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A box contains $20$ balls numbered $1,2,3,...,20$. If 3 balls are randomly taken from the box, without replacement, what is probability that one of them is the average of the other two?

Which one of these is the correct answer?

  • 7/45
  • 3/38
  • 6/155
  • 3/154
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    $\begingroup$ What do you think the answer is, and why? This forum is very much about "show your attempt" such that others - very clever people I might add, I have learned much - can review what you have done, and suggest improvements. $\endgroup$
    – Russ
    Nov 14, 2018 at 12:54
  • $\begingroup$ I couldn't agree more, this is a problem which I couldn't solve by myself. I thought that it'll be just time wasting for people trying to help, to see pointless attempts of someone, that don't even closely lead to the solution. :( $\endgroup$
    – Sth
    Nov 14, 2018 at 13:06
  • $\begingroup$ I understand your hesitance, but this board is fairly conservative, and they are inundated with "do my homework for me" kinds of requests. No matter how poor you think your attempt is, at least it shows that you've tried, separating you from academically immature posters. $\endgroup$
    – Russ
    Nov 14, 2018 at 14:19

3 Answers 3

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We need to determine the number $N$ of 3-tuples from this set of numbers that have the desired property that one number is the average of the other two (We also need the total number of 3-tuples from this set, but think isn't a challenging task).

Let's first think about what is needed for a number $n$ to be the average of two other numbers $a$, and $b$. Based on the definition of average, we have $$n=\frac{a+b}{2}$$

A way to look at this equation is to say that $n$ is the midpoint of the interval $[a,b]$. Therefore, to find $N$ all we need to do is figure out how many intervals are possible for each number in our set, and then add them all up.

First, we don't need to consider $1$ or $20$, because they do not have an interval around them for this set. For the other numbers, the number of intervals just depends on the closest distance that number is from either $1$ or $20$. More specifically, we need the smaller distance of the two.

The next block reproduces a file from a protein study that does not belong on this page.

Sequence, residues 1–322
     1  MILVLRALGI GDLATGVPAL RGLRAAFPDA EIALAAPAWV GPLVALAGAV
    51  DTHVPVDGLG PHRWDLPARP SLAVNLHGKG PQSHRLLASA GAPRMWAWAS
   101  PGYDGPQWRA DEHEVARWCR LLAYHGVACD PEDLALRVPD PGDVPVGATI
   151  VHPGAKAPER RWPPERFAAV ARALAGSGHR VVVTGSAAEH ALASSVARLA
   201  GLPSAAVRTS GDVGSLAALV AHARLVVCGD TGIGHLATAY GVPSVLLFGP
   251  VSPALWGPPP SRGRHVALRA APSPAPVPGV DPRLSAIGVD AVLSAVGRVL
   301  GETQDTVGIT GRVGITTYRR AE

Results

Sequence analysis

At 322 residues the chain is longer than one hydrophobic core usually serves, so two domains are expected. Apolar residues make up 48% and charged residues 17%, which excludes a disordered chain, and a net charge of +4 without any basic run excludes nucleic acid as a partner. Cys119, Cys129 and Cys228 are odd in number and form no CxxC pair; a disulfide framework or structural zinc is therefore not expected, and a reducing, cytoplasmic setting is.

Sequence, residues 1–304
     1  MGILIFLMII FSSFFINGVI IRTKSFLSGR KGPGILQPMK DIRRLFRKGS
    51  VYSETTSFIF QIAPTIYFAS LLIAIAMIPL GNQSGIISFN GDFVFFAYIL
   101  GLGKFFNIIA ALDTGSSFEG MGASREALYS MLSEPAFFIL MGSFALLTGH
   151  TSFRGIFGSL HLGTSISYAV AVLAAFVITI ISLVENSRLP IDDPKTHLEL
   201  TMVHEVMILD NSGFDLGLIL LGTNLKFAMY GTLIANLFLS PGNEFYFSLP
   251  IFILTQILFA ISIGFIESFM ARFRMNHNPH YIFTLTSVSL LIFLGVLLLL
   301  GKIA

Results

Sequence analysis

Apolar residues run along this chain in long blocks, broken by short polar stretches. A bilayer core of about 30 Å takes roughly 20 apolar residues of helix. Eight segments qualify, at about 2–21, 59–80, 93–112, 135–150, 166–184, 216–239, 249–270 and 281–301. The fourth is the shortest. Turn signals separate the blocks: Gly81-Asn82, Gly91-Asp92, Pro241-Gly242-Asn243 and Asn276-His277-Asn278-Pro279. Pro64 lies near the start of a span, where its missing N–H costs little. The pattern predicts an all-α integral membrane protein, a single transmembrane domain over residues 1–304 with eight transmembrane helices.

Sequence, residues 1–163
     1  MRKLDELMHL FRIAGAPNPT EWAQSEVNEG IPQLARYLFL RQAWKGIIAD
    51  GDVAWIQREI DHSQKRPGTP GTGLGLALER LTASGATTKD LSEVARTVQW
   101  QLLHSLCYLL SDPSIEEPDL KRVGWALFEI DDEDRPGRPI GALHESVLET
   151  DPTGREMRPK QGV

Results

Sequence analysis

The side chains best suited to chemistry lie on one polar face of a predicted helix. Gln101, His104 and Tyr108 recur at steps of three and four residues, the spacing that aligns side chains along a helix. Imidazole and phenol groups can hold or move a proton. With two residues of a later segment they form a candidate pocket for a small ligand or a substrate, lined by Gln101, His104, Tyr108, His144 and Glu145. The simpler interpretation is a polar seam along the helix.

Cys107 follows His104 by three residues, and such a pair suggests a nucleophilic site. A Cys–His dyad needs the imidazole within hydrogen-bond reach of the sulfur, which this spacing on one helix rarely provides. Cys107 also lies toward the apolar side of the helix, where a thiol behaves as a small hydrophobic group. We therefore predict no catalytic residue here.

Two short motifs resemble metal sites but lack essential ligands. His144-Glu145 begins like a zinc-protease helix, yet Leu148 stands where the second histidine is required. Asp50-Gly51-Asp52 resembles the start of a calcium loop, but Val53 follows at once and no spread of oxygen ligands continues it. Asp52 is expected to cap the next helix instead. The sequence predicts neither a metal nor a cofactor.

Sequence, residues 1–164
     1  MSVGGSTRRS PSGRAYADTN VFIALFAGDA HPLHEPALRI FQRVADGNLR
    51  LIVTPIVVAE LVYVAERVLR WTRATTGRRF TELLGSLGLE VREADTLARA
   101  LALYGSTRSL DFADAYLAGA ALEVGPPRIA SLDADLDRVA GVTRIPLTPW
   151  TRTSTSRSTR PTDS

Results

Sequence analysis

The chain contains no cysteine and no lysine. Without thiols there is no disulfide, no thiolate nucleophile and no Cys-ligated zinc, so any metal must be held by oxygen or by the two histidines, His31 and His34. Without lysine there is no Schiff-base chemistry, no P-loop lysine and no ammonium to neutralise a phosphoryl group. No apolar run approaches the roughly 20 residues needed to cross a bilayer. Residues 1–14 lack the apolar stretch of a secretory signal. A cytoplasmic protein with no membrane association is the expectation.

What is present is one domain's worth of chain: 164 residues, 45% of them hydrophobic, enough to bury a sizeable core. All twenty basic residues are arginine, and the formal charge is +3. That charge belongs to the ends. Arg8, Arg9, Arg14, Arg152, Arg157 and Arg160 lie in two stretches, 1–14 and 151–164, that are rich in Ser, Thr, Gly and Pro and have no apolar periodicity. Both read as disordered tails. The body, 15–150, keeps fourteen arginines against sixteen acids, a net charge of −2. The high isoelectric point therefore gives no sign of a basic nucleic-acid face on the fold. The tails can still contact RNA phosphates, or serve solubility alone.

Therefore, $$N=\sum_{n=2}^{19}\text{Min}(20-n,n-1)$$

But we can easily determine which one is the minimum for a given number. When $n\leq10$, $n-1$ is the minimum, and when $n\geq11$, $20-n$ is the minimum.

Therefore, $$N=\sum_{n=2}^{10}(n-1)+\sum_{n=11}^{19}\text(20-n)$$

These sums should be easily manageable now. I will leave the rest of the work to you.

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The number of 3 long arithmetic sequences is:

Let $a_d$ be a number of such sequences if difference is $d$

$d=1:\;\;\;$$(1,2,3);(2,3,4),...(18,19,20)$, so $a_1=18$.

$d=2:\;\;\;$$(1,3,5);(2,4,6),...(16,18,20)$, so $a_2=16$.

$d=3:\;\;\;$$(1,4,7);(2,5,8),...(14,17,20)$, so $a_3=14$.

$\dots$

$d=9:\;\;\;$$(1,10,19);(2,11,20)$, so $a_9=2$.

So the number of all good sequences is $2+4+...+18 = 90$. Thus the answer is $$P= {90\over {20\choose 3}} = {90\over 20\cdot 19\cdot 3}= {3\over 38}$$

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Refer to the table: $$\begin{array}{c|c|c} \text{Middle (average) number}&\text{Sets}&\text{Number of sets}\\ \hline 2&\{1,2,3\}&1\\ 3&\{1,3,5\},\{2,3,4\}&2\\ 4&\{1,4,7\},\{2,4,6\},\{3,4,5\}&3\\ \vdots&\vdots&\vdots\\ 9&\{1,9,17\},\{2,9,16\},\cdots,\{8,9,10\}&8\\ 10&\{1,10,19\},\{2,10,18\},\cdots,\{9,10,11\}&9\\ 11&\{2,11,20\},\{3,11,19\},\cdots,\{10,11,12\}&9\\ 12&\{4,12,20\},\{5,12,19\},\cdots,\{11,12,13\}&8\\ \vdots&\vdots&\vdots\\ 18&\{16,18,20\},\{17,18,19\}&2\\ 19&\{18,19,20\}&1\\ \hline \text{Total}&&2\cdot \frac{(1+9)\cdot 9}{2}=90 \end{array}$$ Hence, the required probability is: $$\frac{90}{{20\choose 3}}=\frac{90\cdot 1\cdot 2\cdot 3}{20\cdot 19\cdot 18}=\frac{3}{38}.$$

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